The Cynefin Framework was developed by Dave Snowden back in 1999, and has since then been used in numerous situations and businesses to describe problems, situations and systems. The Cynefin Framework is a practical application of complexity theory to management science. The framework helps managers determine the prevailing operative context, enabling appropriate choices and decisions (ref Wikipedia).
The never ending religious discussion of agile vs. waterfall can hopefully be a little bit more nuanced seen in the context with the Cynefin Framework
Theory behind the Cynefin Framework
Wikipedia summarize this from Dave Snowden in “Multi-ontology sense making – a new simplicity in decision making” from Informatics in Primary Health Care 2005:13:00.
The Cynefin framework has five domains. The first four domains are:
- Simple, in which the relationship between cause and effect is obvious to all, the approach is to Sense – Categorise – Respond and we can apply best practice.
- Complicated, in which the relationship between cause and effect requires analysis or some other form of investigation and/or the application of expert knowledge, the approach is to Sense – Analyze – Respond and we can apply good practice.
- Complex, in which the relationship between cause and effect can only be perceived in retrospect, but not in advance, the approach is to Probe – Sense – Respond and we can sense emergent practice.
- Chaotic, in which there is no relationship between cause and effect at systems level, the approach is to Act – Sense – Respond and we can discover novel practice.
The fifth domain is Disorder, which is the state of not knowing what type of causality exists, in which state people will revert to their own comfort zone in making a decision. In full use, the Cynefin framework has sub-domains, and the boundary between simple and chaotic is seen as a catastrophic one: complacency leads to failure.
Cynefin in the context of agile vs. waterfall
In real life several elements of a project are often considered (or planned for) as complex, when they in reality should be categorized as complicated. Why? Because with the right knowledge and expertise we can see the cause-effect through a thorough analysis! In many cases the complicated falls into the complex category due to limited knowledge of the team members, and in my opinion they then still belong in the complex domain since we can’t conclude/design/decide upfront since we will only see the full effect and be able to see the cause-effect in retrospective!
Before we go into details on agile vs. waterfall, we also need to consider other aspects that are closely related to both the Cynefin Framework and development cost, namely the Cost of Change. If you have never seen the Cost of Change curves, I recommend this article: http://www.agilemodeling.com/essays/costOfChange.htm. The Cost of Change is strongly dependent on the methodology used for development, as we in an agile project normally try to (or at least should!) address risk at at early stage and also stick to an early-knowledge strategy as described by Alistair Cockburn. By keeping these principles close, we can reduce risk, and at the same time keep the cost of change low! Especially for a complex system/subsystem (as described by the Cynefin Framework), it’s critical to keep cost of change low, as we know we will need several iterations to get full control of cause-effect. Whereas on the other hand a simple system/subsystem where the cause-effect are easier to see we might not need any extra iterations to reach our goal!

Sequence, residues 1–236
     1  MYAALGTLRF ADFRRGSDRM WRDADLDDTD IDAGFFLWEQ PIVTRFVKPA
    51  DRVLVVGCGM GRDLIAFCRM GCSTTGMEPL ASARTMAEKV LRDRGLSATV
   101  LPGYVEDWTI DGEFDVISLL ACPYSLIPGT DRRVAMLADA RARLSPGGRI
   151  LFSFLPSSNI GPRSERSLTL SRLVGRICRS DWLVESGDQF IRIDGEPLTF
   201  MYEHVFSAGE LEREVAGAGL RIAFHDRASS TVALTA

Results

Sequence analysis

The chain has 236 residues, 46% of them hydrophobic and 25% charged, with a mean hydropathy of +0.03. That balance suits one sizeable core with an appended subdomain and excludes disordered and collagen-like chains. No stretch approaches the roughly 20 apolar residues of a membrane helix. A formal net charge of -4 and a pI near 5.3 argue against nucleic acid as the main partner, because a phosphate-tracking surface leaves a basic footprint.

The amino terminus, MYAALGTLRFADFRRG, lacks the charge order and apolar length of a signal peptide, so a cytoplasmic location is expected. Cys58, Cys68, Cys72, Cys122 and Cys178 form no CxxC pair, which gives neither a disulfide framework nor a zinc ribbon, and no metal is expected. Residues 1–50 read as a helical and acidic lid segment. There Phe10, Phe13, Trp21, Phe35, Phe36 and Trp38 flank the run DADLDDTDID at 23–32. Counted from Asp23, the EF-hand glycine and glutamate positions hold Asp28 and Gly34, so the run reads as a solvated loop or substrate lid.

Most real life projects contains concepts/systems that fall into each of the categories, at least simple, complicated and complex. Meaning some parts of the project will require several iterations whereas other parts will not need any iterations.
If you try to solve the whole project in a waterfall approach and do a BDUF (Big Design Up Front) you will not be able to handle complex problems without a rather high cost of change, unless you plan for design changes as the implementation starts. On the other hand you will probably keep the complicated and simple problems of the project in more control than what you would get in an agile approach.
If you on the other hand run the whole project agile, you will have a framework that is robust to handle complex problems, but you might have some overhead for the simple (and maybe some of the complicated?) problems! Even though you could run a simple or complicated project agile, the real advantage comes in the complex domains, this is where agile really makes the difference!